How do you think before an events?

Wanting to spend all your time thinking about what you are going to do, not what is going to happen. That works. I’m sure it works.

Too often athletes think about the outcome they want to achieve, they tell themselves, “I’m going to jump that measure, I’m going to take that shot, I’m going to make that point, I’m going to score a goal.” These thoughts structure the future but say nothing about what the athlete will do.

The goal is to focus on what you want to do, which corresponds to doing what you know how to do. This mental approach stimulates belief, which in turn is based precisely on positive past experiences. Thus, training in the competition period should be about mostly repeating what you know how to do; you certainly do not want to put doubts in your mind before a competition.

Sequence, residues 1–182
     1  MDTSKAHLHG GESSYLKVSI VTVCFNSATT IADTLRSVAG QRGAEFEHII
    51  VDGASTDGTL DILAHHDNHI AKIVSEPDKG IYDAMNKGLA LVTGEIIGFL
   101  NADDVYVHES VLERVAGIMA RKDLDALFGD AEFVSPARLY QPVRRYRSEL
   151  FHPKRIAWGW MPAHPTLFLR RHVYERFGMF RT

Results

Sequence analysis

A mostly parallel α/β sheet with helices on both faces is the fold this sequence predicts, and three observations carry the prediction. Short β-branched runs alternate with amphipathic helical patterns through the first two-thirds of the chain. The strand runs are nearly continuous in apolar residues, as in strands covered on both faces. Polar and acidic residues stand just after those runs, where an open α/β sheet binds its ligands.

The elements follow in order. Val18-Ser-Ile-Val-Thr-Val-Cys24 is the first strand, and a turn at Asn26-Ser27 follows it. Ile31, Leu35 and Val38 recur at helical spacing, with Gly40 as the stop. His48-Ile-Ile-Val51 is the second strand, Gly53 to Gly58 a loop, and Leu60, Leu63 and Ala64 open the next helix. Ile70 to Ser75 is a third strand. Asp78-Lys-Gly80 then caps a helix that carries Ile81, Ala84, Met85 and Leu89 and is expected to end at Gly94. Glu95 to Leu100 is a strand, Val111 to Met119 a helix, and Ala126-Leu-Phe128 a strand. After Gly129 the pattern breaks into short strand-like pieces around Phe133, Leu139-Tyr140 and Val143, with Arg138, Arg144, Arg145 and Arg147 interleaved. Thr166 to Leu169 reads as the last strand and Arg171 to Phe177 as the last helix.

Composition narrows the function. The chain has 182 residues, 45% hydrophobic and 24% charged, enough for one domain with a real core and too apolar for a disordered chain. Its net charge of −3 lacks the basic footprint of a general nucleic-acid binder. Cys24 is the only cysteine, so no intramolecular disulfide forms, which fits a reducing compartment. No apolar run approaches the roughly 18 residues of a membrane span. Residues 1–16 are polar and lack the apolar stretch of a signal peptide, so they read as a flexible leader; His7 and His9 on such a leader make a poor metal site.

How many work in this way, and how many, on the other hand, until the last day are committed to making corrections? How can one have a strong belief in one’s skills if until the last day one is working on flaws?

You improve not only by perfecting your skills but also by doing more and more of what you know how to do. And how can this happen if training always poses new challenges and never emphasizes continuity?

I hope I have provided some food for thought.

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